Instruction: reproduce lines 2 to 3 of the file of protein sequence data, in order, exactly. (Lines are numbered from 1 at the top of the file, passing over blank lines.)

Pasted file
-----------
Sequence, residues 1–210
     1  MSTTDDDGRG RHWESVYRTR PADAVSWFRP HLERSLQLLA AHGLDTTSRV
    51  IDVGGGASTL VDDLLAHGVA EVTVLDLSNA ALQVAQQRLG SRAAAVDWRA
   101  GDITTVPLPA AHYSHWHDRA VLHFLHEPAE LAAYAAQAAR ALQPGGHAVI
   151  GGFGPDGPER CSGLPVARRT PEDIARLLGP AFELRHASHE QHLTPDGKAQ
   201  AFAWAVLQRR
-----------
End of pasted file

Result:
     1  MSTTDDDGRG RHWESVYRTR PADAVSWFRP HLERSLQLLA AHGLDTTSRV
    51  IDVGGGASTL VDDLLAHGVA EVTVLDLSNA ALQVAQQRLG SRAAAVDWRA